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Edward Cherry and Five Other of South Florida Accused of Mortgage Fraud

A dozen South Florida businesses have been banned temporarily after an investigation suggested that they were involved in mortgage fraud, the Attorney General’s Office announced Wednesday. The businesses, along with their owners, are accused of billing Florida homeowners’ upfront fees of $3,500 for a purported fail-safe turnaround of the homeowners’ upside-down mortgages. The ban will temporarily block each business from offering homeowners any type of facilities.

The business owners implicated in the crime are Edward Cherry, Lawrence Diodato, Paul Gellenbeck, Shane Frankovic, and Anthony C. Pintsopoulos. No arrests have been made, though it is unclear whether the accused will face criminal charges as the details of the suspected fraud unfold. It is also not yet known whether any of the defendants has retained a private criminal defense lawyer.

According to reports, the scheme targeted distraught Florida homeowners seeking help with their defunct mortgages. The businesses purportedly offered these desperate homeowners the ability to cancel “upside-down mortgages,” which occur when then balance of a loan exceeds the home’s market value. In those cases, the homeowner often finds him or herself unable to make mortgage payments, forcing the bank to foreclose.

Reports indicate that the South Florida businesses offering the allegedly fraudulent services included about a dozen LLCs, including The Fidelity Land Trust Company LLC, The Sunshine State Land Trust Company LLC, Florida Land Trust Services LLC, Click Media Consulting LLC, American Federal Trust LLC, and Zion Partners Irrev Trust LLC.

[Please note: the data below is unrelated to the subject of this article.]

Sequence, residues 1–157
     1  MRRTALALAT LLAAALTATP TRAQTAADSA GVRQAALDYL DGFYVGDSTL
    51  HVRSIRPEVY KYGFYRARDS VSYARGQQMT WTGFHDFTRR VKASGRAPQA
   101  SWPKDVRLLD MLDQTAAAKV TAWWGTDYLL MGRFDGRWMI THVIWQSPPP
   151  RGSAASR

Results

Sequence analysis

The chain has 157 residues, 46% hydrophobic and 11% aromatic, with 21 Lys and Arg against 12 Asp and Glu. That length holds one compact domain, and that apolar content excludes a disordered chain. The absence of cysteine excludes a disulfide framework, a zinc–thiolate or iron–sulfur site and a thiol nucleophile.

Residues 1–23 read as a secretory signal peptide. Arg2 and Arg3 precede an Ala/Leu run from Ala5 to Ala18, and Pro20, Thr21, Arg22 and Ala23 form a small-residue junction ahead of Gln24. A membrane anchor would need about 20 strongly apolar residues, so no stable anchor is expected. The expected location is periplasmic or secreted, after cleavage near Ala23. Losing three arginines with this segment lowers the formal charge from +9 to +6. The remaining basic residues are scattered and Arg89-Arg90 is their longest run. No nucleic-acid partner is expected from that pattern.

The order issued by the Attorney General claims that Cherry, Diodato, Gellenbeck, Frankovic, and Pintsopoulos, under the guise of their firms, billed homeowners in advances of $3,500 for their purported services. Many of the details or the purported scheme have not yet been made public. The current ban, sources say, is only temporary. It restricts the suspects and the businesses from promoting their company or services within the state of Florida. It is not yet clear how many victims could have lost money or their homes due to the fraudulent activity. Some of these victims could likely press legal charges against the accused parties; it remains to be seen how many victims pursue that course of action.

“This mortgage relief scam targeted hundreds of distressed homeowners who were already facing financial hardship,” an attorney spokesperson said in release. “By obtaining a temporary injunction and asset freeze, we have stopped this company from preying on even more of Florida’s homeowners.”

Reports indicate that South Florida is a hot spot for mortgage fraud. During the fiscal year of 2011, records showed that Fort Lauderdale was among the top three areas in the nation when it came to mortgage-related fraud. Analysts have offered up one explanation: the combination of defunct estates and a rich field of ready investors make Florida a prime area for real-estate fraud, they claim.

In one recent case, a Fort Lauderdale real estate agent, along with her sibling, were accused of filing falsified mortgage requests to procure houses at a South Florida expansion. The two women were indicted before a federal grand jury on Tuesday.

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